The Ravens have leaned on Ray Rice this season as the running back led the NFL in total yards from scrimmage (2,068) and set a franchise record with 15 combined touchdowns. It's a trend that has been ongoing over the past two years. According to ESPN's AFC North blog , the team is 20-1 (.952) when Rice gets at least 20 touches. But the Ravens are just 5-8 (.385) when the two-time Pro Bowl selection doesn't. Conventional wisdom seems to suggest that the offense will continue to rely on Rice, who said he doesn't feel the weight of the unit on his shoulders.
SPORTS
By Mark Heisler On the NBA | March 28, 2010
To get right to what everyone wants to know, where the Cavaliers' LeBron James is going … no one knows. You might think someone does, or you do, but no matter what anyone says or how often they say it, they don't. With James, who's nothing if not unwavering, insisting he'll decide after the season, one and only one thing counts: The Last Thing That Happens. That's the very last thing, the final game of the Finals, which provides a single image that stands as the snapshot of the season.
SPORTS
By Peter Schmuck and Peter Schmuck,SUN STAFF | July 24, 2002
They call it "The Book," though it has no pages, no actual printed words and no known author. It is the body of conventional wisdom, culled from nearly 150 years of baseball, that has served as silent mentor to every manager who ever decided to go for the win on the road or play for a tie at home. The unwritten rules of baseball strategy might as well be chiseled in stone, because there is real peril in ignoring them. Never intentionally put the tying or go-ahead run on base? Seems logical enough.
ENTERTAINMENT
By Steve Weinberg and Steve Weinberg,Special to the Sun | April 9, 2000
The conventional wisdom is that innocent men and women are hardly ever sent to prison in the United States. A subset of that legend is that in the rare cases when the criminal justice system miscarries, that system is self-correcting, freeing the wrongfully convicted expeditiously. For many, many decades, books about wrongful convictions have both created and reinforced the legend. Almost every book told the story of an isolated case. Almost all ended with the wrongfully convicted individual back in society.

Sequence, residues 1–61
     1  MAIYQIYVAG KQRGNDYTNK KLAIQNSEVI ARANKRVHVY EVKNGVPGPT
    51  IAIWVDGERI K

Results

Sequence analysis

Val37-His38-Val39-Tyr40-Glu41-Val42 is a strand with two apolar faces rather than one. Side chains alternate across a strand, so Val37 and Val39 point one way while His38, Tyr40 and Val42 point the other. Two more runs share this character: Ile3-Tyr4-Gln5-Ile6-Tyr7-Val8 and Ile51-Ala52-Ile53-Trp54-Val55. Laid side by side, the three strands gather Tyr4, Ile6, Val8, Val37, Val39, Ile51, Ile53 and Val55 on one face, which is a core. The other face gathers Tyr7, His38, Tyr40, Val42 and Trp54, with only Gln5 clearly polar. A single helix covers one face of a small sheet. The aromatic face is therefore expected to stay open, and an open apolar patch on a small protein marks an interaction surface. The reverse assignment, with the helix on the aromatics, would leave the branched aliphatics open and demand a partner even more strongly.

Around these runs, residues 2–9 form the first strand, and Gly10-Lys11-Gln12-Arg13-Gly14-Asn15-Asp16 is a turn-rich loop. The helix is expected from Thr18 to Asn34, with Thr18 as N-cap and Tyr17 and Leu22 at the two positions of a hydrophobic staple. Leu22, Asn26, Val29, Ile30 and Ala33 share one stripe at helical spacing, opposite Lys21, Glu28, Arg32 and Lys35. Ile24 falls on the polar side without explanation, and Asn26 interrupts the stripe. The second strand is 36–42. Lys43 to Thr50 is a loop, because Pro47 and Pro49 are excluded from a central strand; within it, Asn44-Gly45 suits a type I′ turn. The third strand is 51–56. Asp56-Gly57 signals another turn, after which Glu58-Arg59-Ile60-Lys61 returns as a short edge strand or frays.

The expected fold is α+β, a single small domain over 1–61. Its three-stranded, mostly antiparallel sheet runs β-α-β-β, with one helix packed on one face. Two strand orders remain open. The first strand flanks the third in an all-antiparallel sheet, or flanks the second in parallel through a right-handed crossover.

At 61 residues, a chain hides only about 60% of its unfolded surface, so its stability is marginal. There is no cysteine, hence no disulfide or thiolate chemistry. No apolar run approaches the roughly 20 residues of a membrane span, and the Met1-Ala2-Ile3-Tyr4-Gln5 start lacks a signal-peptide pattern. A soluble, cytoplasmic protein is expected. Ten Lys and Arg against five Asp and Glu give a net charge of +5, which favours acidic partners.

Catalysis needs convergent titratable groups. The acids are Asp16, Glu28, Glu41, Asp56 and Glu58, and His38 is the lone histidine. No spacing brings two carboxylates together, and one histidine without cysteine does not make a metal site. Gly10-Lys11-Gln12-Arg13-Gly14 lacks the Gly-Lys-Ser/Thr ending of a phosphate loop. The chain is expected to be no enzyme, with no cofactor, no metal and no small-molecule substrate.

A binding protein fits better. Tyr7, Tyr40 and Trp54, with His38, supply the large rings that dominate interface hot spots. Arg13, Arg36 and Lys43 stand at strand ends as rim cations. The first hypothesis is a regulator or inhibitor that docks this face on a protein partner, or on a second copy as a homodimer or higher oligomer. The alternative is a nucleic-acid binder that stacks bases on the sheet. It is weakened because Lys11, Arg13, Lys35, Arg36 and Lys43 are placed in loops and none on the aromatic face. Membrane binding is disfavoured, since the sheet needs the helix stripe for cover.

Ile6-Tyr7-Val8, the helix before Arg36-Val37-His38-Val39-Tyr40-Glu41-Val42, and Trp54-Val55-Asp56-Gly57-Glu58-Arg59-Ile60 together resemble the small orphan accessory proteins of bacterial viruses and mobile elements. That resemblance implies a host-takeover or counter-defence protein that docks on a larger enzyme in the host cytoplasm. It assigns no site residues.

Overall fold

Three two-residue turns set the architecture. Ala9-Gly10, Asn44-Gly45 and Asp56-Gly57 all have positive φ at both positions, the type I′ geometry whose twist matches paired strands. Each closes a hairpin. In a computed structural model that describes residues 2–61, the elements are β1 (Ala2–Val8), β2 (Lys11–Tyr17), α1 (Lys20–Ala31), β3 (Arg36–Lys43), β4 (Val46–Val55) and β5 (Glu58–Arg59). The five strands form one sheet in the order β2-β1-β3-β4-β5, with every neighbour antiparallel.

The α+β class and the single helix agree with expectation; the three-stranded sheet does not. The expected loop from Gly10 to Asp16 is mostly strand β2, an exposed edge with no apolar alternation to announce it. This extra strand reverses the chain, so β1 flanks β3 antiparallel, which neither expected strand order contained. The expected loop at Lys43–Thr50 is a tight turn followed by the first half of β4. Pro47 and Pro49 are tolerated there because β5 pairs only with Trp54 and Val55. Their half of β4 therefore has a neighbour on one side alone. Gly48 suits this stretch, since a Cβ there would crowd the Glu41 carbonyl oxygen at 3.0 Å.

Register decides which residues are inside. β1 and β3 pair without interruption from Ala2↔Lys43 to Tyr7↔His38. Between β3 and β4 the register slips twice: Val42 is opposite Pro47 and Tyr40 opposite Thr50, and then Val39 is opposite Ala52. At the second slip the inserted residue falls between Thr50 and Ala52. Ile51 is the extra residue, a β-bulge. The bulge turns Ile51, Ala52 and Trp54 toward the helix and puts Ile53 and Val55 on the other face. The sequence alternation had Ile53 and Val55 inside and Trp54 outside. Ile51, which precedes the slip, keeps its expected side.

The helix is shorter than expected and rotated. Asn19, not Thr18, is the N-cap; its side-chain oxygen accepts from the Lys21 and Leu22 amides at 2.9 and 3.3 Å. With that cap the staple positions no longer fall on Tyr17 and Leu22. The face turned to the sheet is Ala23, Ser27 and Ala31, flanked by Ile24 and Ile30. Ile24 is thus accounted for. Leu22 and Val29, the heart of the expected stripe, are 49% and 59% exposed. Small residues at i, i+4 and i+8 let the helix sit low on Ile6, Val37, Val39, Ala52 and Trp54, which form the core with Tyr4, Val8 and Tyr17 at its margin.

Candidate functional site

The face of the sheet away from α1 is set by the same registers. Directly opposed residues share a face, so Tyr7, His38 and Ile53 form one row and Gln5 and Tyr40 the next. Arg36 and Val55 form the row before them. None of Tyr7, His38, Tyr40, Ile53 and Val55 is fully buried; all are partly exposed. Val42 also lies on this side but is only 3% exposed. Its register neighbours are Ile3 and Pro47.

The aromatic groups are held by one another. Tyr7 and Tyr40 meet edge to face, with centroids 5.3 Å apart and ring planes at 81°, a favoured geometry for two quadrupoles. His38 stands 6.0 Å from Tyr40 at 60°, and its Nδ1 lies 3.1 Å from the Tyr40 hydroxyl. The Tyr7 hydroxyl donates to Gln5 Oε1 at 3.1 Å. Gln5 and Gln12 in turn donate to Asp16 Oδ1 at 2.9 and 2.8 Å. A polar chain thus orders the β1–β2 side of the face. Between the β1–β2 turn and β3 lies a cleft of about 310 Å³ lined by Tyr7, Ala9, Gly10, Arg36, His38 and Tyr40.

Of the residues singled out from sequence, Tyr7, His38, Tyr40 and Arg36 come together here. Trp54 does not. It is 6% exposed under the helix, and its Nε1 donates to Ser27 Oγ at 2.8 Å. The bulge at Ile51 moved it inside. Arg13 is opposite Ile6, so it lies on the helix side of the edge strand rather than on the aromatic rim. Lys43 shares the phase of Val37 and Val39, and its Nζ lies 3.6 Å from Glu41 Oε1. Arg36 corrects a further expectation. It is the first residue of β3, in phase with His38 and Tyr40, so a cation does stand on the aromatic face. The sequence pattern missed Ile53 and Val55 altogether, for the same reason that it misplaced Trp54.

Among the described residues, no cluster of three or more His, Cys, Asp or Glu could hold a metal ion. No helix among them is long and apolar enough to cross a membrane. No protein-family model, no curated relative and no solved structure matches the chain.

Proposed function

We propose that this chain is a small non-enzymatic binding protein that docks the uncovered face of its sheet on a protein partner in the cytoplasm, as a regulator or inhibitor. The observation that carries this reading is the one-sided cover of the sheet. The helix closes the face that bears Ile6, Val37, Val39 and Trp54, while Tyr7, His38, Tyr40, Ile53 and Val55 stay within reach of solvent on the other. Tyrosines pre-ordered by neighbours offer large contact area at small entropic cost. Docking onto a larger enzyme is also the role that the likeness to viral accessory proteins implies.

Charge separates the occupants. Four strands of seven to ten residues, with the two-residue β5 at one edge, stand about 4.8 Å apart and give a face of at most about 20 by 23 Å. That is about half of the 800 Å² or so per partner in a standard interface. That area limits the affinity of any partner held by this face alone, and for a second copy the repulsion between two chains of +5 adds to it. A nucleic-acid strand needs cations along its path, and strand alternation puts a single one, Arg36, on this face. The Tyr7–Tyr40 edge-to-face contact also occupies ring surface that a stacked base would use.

NEWS
By JEAN MARBELLA | November 29, 2009
Time seemed to stop when Mayor Sheila Dixon's trial began three weeks ago - although maybe that was just because the clock in the courtroom was broken, stuck at 9:47. The next day, it was still stuck, but at a different time, 9:19. Eventually the clock was replaced by a working one, albeit one that runs a little fast and makes you think it's later than it is. But that could just be how it seems when you're waiting for some indeterminate amount of time for an equally unknowable thing: When Dixon's jury will render its verdict.
NEWS
By Neal McCluskey | December 17, 2008
Despite conventional wisdom - and the huge higher education spending increase just proposed for Maryland - giving academia more public bucks is not the path to economic success. The cries for more money have certainly been abundant. In October, the New America Foundation's Michael Dannenberg declared that states should deficit spend on higher ed to keep tuitions low and economies running. In November, the Center for Studies in Higher Education implored Washington to fight recession by spending big on scholars.